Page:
This proposal begs the question about what carbon neutrality even means. Carbon neutrality, at its simplest level, means having zero carbon dioxide either by offsetting carbon emissions by reducing them somewhere else or through investment in renewable energy, energy efficiency, or another low carbon technology. What technologies are “acceptable” to stakeholders for the purposes of carbon neutrality though?
There are two main schools of thought. On one hand, environmental groups want carbon free power to come from renewable energy (and that excludes nuclear, hydro, and biogas/renewable natural gas). It means no new nuclear such as the Vogtle plant in Georgia. As the only commercial nuclear facility, it is already over budget by $1 billion even if it is constructed on time. Environmental groups ask what could have been done with that same investment in renewable energy.
The second school of thought is that we might get to 50 percent, maybe 80 percent renewables, but after that, it will start getting very expensive without utilizing more traditional energy resources. Many believe that almost all existing nuclear facilities need extending beyond their useful life of 60 years if they are going to get us to carbon neutrality.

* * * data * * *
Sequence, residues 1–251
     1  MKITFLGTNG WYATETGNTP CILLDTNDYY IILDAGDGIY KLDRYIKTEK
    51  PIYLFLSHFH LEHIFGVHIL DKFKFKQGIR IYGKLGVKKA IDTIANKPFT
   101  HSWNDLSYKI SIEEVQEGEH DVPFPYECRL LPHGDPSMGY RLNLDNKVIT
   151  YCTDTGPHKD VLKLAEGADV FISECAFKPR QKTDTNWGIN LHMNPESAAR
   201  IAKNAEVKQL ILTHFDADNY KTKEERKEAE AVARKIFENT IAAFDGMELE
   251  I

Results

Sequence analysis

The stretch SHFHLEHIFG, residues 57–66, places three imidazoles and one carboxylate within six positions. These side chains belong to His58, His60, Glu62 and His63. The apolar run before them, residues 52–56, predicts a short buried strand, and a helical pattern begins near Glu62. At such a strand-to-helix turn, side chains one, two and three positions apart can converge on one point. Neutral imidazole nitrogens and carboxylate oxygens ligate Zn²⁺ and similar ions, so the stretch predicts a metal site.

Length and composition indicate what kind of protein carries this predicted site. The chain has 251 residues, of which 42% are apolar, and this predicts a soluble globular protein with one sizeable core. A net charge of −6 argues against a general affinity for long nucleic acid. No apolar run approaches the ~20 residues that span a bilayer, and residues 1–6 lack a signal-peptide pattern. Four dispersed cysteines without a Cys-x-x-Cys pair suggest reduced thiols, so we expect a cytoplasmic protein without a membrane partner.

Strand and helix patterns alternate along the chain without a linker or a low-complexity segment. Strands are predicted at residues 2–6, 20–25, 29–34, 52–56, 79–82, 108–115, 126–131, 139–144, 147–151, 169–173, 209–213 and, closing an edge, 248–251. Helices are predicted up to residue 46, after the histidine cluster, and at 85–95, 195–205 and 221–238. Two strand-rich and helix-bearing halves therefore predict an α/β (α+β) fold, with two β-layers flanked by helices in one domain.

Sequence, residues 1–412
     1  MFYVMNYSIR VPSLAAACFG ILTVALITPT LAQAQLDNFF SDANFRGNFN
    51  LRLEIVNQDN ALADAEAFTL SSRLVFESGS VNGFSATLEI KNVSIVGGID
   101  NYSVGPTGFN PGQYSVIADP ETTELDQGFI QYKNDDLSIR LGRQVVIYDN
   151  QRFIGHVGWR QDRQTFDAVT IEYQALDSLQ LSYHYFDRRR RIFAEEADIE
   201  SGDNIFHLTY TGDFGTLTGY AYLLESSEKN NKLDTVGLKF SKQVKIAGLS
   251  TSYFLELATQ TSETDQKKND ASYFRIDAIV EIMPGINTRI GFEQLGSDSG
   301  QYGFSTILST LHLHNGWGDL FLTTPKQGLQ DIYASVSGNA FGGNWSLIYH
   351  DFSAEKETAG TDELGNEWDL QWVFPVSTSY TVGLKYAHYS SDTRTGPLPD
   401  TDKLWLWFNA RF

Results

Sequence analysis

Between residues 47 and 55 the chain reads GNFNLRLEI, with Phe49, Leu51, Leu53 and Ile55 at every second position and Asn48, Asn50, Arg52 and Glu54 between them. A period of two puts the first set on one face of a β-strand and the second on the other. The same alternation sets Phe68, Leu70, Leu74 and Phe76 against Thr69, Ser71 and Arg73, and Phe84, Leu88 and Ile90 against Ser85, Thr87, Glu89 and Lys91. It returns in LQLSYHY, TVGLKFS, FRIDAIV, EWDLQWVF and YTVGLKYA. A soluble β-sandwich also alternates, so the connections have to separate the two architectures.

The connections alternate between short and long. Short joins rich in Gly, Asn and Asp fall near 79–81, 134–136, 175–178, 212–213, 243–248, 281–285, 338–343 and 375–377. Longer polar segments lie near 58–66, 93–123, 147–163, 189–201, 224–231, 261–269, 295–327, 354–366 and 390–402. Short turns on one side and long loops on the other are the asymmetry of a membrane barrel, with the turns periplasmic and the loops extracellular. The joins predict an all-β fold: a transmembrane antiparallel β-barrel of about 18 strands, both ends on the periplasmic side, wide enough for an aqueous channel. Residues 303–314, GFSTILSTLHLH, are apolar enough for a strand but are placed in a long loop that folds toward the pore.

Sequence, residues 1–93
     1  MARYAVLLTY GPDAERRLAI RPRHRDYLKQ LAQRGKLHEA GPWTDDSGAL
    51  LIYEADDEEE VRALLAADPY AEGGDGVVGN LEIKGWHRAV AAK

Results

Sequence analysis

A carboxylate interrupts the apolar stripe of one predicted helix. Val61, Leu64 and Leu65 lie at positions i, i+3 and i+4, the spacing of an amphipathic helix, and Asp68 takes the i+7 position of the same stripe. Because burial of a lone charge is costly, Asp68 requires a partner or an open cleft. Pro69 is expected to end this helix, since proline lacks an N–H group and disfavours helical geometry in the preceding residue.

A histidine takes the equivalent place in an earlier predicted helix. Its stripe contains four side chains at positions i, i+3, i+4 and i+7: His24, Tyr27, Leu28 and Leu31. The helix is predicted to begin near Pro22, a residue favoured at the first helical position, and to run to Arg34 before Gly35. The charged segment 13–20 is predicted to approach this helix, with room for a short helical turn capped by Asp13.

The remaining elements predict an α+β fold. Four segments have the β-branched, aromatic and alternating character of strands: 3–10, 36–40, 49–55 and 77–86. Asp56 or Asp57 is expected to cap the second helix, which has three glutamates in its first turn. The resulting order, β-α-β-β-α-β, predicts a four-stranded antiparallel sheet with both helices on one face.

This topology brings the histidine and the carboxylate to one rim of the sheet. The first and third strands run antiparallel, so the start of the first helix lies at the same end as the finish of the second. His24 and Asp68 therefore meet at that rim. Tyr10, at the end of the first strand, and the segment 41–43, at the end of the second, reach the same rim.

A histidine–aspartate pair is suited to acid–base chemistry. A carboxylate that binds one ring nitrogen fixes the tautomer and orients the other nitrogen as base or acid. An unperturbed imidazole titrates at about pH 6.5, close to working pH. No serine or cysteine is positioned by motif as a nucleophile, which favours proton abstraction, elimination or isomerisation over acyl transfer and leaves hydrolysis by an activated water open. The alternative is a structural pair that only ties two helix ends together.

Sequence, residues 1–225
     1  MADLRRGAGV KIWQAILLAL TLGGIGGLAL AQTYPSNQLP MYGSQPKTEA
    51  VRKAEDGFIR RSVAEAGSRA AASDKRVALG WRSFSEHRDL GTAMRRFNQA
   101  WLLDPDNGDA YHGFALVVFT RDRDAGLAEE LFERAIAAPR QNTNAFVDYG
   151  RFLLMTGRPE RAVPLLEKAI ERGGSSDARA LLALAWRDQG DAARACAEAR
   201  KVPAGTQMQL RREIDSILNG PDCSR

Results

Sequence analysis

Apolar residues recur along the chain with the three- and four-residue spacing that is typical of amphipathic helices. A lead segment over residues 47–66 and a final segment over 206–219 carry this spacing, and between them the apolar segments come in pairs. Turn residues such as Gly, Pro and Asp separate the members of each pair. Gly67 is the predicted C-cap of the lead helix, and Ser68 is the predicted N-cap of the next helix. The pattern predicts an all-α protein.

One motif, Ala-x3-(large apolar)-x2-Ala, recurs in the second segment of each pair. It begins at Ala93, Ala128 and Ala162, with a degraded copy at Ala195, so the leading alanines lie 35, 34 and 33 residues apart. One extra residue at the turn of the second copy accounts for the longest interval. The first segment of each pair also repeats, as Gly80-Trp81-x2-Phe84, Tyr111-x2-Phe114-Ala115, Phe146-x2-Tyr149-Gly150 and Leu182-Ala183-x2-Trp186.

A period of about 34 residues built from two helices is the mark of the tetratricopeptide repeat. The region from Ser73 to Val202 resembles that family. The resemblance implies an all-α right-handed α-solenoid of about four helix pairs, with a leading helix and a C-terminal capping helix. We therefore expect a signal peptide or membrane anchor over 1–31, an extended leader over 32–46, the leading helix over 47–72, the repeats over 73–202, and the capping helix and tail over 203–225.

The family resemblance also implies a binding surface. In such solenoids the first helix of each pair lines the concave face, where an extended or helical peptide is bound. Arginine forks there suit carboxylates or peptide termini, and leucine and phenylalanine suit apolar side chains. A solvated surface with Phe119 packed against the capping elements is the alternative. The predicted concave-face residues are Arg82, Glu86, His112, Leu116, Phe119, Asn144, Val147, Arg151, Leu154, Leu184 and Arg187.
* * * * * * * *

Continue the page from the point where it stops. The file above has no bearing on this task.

A recent report from the University of California at Berkeley shows that the U.S. can deliver 90 percent of clean, carbon free electricity without new fossil plants (but keeping the existing plants). The report - 2035 Report: Plummeting Solar, Wind, and Battery Costs Can Accelerate Our Clean Energy Future - shows how recent cost declines for solar, wind, and battery storage allow the U.S. to reduce generation and carbon emissions by retiring from coal and reducing gas generation by 70 percent. The build out of new renewable energy would add $1.7 trillion of investment into the economy and increase energy sector jobs to 530,000 per year, through 2035, across all regions of the U.S. without raising consumer bills. The 2035-time frame for near-complete decarbonization of the power sector is significant because it is 15 years faster than many proposals, and matches the Biden plan.
What do we need to make from all of this? We can get to a 2035 carbon neutrality goal, but the investment will be massive and the last 10 percent is going to take a pathway that may not be clear today. Coal plants are already being retired, but gas has been proposed as a bridge fuel to the transition out of coal since renewables are intermittent. A New York Times article highlights the push and pull between gas and renewables but the Berkeley study shows we can reduce gas by 70 percent and still meet a carbon neutral goal by 2035. So natural gas may not be front and center as clean technologies are what people are banking on now.
In conclusion: no one technology will meet all of our energy needs now. Retiring coal plants mean uneconomic assets must be paid for (a question of how to do this), natural gas that replaced coal has faced challenges of large gas pipeline infrastructure abandonment (think Atlantic Coast, Dakota, Keystone), so renewable energy becomes the bridge to the future. It’s low cost, clean, and healthier for our communities. But to effectively transition, there requires answers to lots of "how" details.